I do have to admit I am surprised – but also quite pleased – with the outcome of my upgrade test. I was expecting it to succeed, true, but then, I also thought there would be some errors, some small bugs or leftovers. Nothing at all. Like a glove. This is a smooth, clean procedure, and Fedora excelled in delivering a professional result. Given that it has significantly improved in stability and quality, this does not come as a complete shocker, then again, it’s a short-lived fast-paced testbed for Red Hat technologies, it’s meant to be brittle and dangerous and living la vida loca.
This is not the end of this experiment – I need to continue running and testing the system, and make sure Wayland is behaving. Moreover, we should repeat the test on a laptop with an Nvidia card, and that will obviously be a more difficult one, and lo and behold, just recently, I installed Fedora 24 on an older HP laptop, hue hue. We will indeed need to see what the results will come out like. Perhaps horrible. So far though, it would seem the Red Hat family delivers some very consistent, very pleasant results, with CentOS having a spotless record, and Fedora now barging in with its fleeting yet meaningful existence. It also gives me confidence in future endeavors of this kind, and it does show that the world of Linux is trying to embrace quality alongside all the innovation, hecticness, schisms, and re-forking of the cutlery cabinet.
If you are keen on using Fedora as your day-to-day distribution but do dread the ultra-quick support cycle but also do not feel that interested in CentOS, then you will be most pleased to learn that you can continue to play with Fedora without losing support. All it takes is an occasional (and safe) upgrade. Ubuntu and Mint are still valid options, but with my recent annual score highlighting lots of good stuff in the Fedora world, this is one more reason to hang around with this distribution. Fedora be good. Have fun.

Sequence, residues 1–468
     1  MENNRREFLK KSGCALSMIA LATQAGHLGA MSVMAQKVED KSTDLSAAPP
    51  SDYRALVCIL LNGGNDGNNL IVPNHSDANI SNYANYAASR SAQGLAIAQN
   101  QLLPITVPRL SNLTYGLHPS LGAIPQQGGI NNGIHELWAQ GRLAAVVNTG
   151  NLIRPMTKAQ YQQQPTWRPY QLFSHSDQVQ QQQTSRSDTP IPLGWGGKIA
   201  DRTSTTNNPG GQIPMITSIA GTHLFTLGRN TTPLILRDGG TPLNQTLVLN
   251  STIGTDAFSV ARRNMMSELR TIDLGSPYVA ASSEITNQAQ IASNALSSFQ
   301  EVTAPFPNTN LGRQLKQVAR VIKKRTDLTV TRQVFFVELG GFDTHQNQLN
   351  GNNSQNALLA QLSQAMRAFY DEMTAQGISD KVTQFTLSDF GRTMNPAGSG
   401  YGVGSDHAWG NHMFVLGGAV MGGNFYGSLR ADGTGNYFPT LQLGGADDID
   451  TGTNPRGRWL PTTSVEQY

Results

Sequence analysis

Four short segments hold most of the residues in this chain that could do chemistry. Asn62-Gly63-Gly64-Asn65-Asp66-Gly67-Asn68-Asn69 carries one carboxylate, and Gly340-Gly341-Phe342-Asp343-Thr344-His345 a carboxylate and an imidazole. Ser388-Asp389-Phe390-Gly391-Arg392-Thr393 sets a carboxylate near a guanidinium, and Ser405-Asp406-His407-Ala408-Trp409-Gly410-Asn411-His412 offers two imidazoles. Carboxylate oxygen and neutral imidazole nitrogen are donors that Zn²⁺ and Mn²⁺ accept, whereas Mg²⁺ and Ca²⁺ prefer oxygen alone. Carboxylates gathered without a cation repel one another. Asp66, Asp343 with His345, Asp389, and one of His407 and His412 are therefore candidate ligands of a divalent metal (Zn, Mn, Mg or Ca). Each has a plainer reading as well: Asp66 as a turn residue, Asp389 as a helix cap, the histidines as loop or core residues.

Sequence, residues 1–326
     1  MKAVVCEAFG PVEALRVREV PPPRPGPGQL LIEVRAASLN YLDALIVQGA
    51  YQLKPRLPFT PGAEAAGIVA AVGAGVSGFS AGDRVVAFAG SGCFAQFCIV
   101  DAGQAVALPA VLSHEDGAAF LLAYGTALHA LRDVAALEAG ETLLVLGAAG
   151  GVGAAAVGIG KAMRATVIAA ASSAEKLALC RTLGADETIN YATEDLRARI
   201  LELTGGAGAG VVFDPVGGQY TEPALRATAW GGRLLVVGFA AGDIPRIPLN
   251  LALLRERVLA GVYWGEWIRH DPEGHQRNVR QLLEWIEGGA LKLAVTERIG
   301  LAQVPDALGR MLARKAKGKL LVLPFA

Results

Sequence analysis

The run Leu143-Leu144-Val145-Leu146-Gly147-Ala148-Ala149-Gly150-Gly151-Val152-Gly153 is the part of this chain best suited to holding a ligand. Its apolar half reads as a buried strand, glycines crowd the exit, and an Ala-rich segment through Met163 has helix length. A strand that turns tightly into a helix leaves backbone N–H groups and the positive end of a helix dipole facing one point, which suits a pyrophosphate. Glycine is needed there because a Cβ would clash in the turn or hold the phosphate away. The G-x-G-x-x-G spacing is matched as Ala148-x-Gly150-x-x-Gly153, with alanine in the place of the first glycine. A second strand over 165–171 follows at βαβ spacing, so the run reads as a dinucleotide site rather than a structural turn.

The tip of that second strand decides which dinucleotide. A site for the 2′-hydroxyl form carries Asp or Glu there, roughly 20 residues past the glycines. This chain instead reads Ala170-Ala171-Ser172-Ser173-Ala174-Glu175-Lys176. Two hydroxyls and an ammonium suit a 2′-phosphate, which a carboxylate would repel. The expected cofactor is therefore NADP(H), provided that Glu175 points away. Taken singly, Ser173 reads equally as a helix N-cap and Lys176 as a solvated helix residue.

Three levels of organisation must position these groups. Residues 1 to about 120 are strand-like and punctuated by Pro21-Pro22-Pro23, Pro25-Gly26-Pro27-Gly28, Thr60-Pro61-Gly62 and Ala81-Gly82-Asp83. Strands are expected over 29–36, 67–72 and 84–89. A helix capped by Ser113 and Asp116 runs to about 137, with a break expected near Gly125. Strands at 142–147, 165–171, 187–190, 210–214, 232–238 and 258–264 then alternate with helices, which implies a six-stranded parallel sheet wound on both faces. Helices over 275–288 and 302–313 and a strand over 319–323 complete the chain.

Hi guys, welcome to the 15th segment of "Introduction with Linux Distro". We have made quite a few introductions from the start of this website, every segment has something unique to itself. So this time we will be having a Linux distribution which have pure philosophy and creativity, as our guest. Let's get to know more about BlankOn Linux.
At the end of November last year I was sent a OnePlus 3T. This appeared relatively hot on the heels of the OnePlus 3, which I'd reviewed in the middle of 2016, judging it to be the best smartphone in its price range. Having set the OnePlus 3T up as my main handset, I've had a chance to examine it in depth over the holiday period.
The OnePlus 3T is built in the same body as the OnePlus 3, but there are some significant internal upgrades, making it an altogether more capable handset than its predecessor. Although the upgraded model is more expensive, it's still much more affordable than flagship devices from the leading smartphone vendors.
This was an interesting ordeal. It took me about four hours to finish the configuration and polish the system, the maniacal Fedora update that always runs in the deep hundreds and sometimes even thousands of packages, the graphics stack setup, and finally, all the gloss and trim needed to have a functional machine.
All in all, it works well. Fedora proved itself to be an adequate choice for the old HP machine, with decent performance and responsiveness, good hardware compatibility, fine aesthetics and functionality, once the extras are added, and only a small number of issues, some related to my laptop usage legacy. Not bad. Sure, the system could be faster, and Gnome isn't the best choice for olden hardware. But then, for something that was born in 2010, the HP laptop handles this desktop environment with grace, and it looks the part. Just proves that Red Hat makes a lot of sense once you release its essential oils and let the fragrance of extra software and codecs sweep you. It is your time to be enthused about this and commence your own testing.